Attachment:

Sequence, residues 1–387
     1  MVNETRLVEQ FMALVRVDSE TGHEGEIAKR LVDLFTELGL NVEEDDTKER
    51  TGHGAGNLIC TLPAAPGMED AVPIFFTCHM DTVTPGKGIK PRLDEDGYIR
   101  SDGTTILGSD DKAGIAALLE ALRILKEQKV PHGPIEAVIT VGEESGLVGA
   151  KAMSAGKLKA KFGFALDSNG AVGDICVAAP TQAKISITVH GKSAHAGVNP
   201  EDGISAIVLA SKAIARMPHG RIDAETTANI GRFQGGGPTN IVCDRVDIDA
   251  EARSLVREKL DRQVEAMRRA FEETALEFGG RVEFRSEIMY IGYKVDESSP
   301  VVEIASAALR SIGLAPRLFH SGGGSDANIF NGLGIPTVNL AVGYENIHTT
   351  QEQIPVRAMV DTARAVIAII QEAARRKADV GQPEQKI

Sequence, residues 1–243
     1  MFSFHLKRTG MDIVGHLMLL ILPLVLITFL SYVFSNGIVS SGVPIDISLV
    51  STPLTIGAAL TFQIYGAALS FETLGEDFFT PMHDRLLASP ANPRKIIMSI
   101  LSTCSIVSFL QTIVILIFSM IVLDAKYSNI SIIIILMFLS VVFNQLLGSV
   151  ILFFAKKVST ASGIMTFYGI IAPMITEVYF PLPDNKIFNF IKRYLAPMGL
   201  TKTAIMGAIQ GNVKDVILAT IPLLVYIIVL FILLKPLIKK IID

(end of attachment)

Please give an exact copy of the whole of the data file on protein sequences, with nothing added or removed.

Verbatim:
Sequence, residues 1–387
     1  MVNETRLVEQ FMALVRVDSE TGHEGEIAKR LVDLFTELGL NVEEDDTKER
    51  TGHGAGNLIC TLPAAPGMED AVPIFFTCHM DTVTPGKGIK PRLDEDGYIR
   101  SDGTTILGSD DKAGIAALLE ALRILKEQKV PHGPIEAVIT VGEESGLVGA
   151  KAMSAGKLKA KFGFALDSNG AVGDICVAAP TQAKISITVH GKSAHAGVNP
   201  EDGISAIVLA SKAIARMPHG RIDAETTANI GRFQGGGPTN IVCDRVDIDA
   251  EARSLVREKL DRQVEAMRRA FEETALEFGG RVEFRSEIMY IGYKVDESSP
   301  VVEIASAALR SIGLAPRLFH SGGGSDANIF NGLGIPTVNL AVGYENIHTT
   351  QEQIPVRAMV DTARAVIAII QEAARRKADV GQPEQKI

Sequence, residues 1–243
     1  MFSFHLKRTG MDIVGHLMLL ILPLVLITFL SYVFSNGIVS SGVPIDISLV
    51  STPLTIGAAL TFQIYGAALS FETLGEDFFT PMHDRLLASP ANPRKIIMSI
   101  LSTCSIVSFL QTIVILIFSM IVLDAKYSNI SIIIILMFLS VVFNQLLGSV
   151  ILFFAKKVST ASGIMTFYGI IAPMITEVYF PLPDNKIFNF IKRYLAPMGL
   201  TKTAIMGAIQ GNVKDVILAT IPLLVYIIVL FILLKPLIKK IID